My staff soon covered for me when I needed to run to the doctor for blood draws. My boss took a meeting with my client in Minneapolis so I could have an I.V.F. procedure. And if people asked for more information than I was comfortable sharing, I simply said “thanks for your support, but I’m not really comfortable sharing those details”. It was liberating. Soon, I started setting other simple boundaries like leaving the office at a reasonable hour and not checking my voicemail after 8pm. And I was still able to give my clients – and my boss – what they needed. No problem.
One unexpected benefit of my newfound honesty and openness was that I started to feel better. Both mentally and physically. I hadn’t realized the toll these secrets and lies were taking on my body, yet I started to feel better. I was even able to relax and laugh at work. Much less stress.
Start Being Real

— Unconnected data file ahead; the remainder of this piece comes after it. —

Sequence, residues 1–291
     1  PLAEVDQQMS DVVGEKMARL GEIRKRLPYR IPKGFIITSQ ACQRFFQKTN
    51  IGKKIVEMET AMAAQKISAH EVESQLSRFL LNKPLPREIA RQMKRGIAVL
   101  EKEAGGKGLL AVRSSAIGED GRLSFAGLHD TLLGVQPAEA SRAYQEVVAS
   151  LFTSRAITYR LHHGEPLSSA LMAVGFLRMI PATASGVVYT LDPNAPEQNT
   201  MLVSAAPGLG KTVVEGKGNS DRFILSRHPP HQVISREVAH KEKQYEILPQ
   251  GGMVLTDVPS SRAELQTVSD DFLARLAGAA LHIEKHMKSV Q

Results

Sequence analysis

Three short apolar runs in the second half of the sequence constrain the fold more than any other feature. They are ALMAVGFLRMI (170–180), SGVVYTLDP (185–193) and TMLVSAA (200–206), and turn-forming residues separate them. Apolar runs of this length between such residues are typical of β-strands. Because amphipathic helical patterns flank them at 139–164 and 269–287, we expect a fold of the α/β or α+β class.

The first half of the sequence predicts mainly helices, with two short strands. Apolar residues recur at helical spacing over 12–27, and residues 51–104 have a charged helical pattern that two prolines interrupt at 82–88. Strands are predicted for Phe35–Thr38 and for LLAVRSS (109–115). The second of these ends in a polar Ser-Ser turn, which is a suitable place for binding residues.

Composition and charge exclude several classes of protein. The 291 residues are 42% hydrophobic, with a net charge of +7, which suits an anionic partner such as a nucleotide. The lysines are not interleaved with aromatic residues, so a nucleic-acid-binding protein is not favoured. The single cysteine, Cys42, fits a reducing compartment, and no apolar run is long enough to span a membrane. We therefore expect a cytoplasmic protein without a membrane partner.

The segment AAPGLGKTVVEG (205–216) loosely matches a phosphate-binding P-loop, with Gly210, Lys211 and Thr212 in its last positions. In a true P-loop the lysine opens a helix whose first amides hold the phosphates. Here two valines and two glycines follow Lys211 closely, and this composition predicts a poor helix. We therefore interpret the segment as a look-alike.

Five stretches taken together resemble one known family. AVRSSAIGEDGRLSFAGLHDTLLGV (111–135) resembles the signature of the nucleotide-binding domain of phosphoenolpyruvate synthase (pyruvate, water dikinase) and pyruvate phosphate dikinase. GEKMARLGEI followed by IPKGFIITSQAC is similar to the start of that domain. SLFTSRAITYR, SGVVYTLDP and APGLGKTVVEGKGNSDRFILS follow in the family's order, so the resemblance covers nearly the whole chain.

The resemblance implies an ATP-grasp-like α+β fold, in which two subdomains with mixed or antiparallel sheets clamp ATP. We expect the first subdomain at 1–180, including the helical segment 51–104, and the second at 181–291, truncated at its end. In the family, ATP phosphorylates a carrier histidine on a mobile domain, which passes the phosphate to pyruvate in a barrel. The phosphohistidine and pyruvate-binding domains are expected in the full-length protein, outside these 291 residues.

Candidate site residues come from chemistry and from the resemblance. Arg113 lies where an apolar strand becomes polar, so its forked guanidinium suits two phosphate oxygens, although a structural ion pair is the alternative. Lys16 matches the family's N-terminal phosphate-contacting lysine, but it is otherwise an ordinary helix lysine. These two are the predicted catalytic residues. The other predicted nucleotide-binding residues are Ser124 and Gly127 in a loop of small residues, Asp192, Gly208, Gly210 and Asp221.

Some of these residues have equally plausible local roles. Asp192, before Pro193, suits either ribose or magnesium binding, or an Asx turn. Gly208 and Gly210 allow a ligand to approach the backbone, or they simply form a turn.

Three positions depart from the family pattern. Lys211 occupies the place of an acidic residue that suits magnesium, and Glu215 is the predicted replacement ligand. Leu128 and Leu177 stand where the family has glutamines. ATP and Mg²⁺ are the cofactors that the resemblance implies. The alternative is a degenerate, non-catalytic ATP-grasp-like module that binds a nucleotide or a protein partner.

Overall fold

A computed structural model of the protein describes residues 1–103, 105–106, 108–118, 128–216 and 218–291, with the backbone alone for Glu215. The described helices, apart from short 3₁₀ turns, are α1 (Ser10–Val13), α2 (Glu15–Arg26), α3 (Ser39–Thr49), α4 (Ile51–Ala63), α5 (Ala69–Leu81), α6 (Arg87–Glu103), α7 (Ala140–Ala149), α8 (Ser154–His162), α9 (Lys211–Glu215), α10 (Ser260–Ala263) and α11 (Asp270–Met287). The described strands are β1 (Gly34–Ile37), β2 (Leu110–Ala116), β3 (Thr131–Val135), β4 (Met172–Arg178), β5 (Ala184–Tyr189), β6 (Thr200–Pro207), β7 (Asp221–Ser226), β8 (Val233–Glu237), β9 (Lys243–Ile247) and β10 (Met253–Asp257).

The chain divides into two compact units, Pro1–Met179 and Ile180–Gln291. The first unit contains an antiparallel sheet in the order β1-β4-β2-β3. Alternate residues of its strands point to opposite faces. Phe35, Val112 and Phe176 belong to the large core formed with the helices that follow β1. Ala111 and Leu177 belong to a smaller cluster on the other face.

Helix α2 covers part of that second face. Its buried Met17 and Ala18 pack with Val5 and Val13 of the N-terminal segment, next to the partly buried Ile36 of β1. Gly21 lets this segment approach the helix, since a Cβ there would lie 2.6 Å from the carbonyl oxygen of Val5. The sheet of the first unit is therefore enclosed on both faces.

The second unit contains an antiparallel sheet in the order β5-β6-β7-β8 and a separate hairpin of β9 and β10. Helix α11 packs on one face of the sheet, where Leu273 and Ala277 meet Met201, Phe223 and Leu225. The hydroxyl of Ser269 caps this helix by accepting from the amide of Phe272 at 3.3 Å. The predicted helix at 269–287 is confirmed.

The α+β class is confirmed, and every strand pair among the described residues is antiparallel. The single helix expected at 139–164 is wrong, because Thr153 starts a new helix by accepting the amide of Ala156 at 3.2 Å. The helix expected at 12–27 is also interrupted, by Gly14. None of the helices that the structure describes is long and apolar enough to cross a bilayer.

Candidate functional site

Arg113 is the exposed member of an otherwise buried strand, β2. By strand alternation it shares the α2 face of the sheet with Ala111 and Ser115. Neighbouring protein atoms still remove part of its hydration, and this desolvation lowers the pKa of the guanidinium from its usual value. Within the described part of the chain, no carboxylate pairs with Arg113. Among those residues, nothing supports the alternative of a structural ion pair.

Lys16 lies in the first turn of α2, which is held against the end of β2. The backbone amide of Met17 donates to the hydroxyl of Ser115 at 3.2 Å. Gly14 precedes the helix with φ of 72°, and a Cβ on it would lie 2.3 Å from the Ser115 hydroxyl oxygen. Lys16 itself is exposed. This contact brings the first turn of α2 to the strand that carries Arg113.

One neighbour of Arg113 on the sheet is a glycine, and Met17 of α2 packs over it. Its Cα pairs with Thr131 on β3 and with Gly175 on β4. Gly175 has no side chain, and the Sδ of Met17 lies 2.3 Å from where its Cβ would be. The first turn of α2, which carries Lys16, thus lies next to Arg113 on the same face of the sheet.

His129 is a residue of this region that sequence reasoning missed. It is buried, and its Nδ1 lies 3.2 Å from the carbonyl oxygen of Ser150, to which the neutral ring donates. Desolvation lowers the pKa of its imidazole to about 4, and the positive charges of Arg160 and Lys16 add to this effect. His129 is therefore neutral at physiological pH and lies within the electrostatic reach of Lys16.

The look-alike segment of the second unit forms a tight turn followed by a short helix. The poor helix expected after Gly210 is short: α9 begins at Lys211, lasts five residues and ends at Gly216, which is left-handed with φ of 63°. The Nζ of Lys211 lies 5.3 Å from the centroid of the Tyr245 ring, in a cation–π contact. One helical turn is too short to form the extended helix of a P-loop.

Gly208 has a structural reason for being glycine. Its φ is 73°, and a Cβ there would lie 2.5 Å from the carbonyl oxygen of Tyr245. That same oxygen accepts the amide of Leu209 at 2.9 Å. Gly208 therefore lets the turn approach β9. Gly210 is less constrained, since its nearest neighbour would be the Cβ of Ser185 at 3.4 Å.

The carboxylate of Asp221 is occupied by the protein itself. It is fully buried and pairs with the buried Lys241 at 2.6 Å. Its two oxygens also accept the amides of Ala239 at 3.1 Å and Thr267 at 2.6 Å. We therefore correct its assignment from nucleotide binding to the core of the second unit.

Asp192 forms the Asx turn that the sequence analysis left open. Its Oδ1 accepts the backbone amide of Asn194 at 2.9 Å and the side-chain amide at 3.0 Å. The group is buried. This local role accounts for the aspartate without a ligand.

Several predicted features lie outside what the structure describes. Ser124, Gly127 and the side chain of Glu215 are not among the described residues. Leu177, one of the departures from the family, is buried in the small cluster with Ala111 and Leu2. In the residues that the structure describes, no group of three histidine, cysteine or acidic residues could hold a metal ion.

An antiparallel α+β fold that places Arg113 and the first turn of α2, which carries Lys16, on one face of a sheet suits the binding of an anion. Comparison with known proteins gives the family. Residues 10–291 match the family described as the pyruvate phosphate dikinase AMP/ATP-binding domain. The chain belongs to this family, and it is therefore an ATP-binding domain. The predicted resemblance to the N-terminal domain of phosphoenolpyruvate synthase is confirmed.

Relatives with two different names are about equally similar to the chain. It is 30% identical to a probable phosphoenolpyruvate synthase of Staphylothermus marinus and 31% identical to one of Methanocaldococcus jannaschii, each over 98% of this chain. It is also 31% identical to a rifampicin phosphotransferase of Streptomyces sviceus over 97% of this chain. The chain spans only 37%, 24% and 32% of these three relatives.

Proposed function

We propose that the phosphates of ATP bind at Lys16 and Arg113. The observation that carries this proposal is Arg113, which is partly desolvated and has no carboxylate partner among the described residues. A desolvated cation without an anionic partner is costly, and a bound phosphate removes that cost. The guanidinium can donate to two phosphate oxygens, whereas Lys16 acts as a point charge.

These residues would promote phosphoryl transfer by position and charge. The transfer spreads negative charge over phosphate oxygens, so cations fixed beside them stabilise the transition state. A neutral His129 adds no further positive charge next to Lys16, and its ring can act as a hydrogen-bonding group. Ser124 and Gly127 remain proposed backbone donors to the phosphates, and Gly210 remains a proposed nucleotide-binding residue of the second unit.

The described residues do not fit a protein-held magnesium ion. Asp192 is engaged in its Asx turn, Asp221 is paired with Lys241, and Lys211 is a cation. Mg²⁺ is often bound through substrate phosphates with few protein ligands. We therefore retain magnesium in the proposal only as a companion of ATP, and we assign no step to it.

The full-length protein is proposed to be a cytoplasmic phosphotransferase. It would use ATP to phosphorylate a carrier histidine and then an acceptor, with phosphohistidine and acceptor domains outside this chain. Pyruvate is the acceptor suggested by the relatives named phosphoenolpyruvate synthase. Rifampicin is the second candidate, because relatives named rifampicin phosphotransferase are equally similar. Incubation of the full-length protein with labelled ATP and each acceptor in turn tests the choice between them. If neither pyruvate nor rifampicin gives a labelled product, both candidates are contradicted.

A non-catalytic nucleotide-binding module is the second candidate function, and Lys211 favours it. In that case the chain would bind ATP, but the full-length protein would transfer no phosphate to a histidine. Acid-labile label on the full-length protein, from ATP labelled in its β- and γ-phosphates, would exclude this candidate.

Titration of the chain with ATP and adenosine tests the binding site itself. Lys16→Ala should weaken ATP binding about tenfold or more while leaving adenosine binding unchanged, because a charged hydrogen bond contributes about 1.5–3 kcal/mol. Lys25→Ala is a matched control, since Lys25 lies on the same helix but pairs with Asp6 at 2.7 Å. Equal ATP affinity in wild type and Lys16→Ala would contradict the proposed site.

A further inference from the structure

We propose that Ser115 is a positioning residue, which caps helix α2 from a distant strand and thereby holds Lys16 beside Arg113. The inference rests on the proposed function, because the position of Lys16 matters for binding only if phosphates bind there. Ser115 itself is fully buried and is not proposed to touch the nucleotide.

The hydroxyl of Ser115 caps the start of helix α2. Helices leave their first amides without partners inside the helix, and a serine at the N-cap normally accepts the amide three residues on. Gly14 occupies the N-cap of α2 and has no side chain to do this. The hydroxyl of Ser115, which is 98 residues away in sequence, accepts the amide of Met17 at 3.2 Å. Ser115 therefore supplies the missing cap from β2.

So, how do you stop lying and “start being real”? How do you get comfortable telling your boss – and the co-workers who you are certain must be judging you – the truth about what you need to get and do to keep balance in your life? Not easy, but you can do it! Here are a few Life-Work Balance tips – steps, actually – to help you shrink down that Pinocchio-nose you’ve been sporting and let people in.
- First, be honest with yourself. Own it. Do you really know what you want? What you’re comfortable doing and sharing? Not everyone is ready to tell their employer and co-workers all their scary and personal reproductive woes – TMI. But there’s nothing to be embarrassed about parent-teacher conferences, right? Figure out your own comfort level and honor that.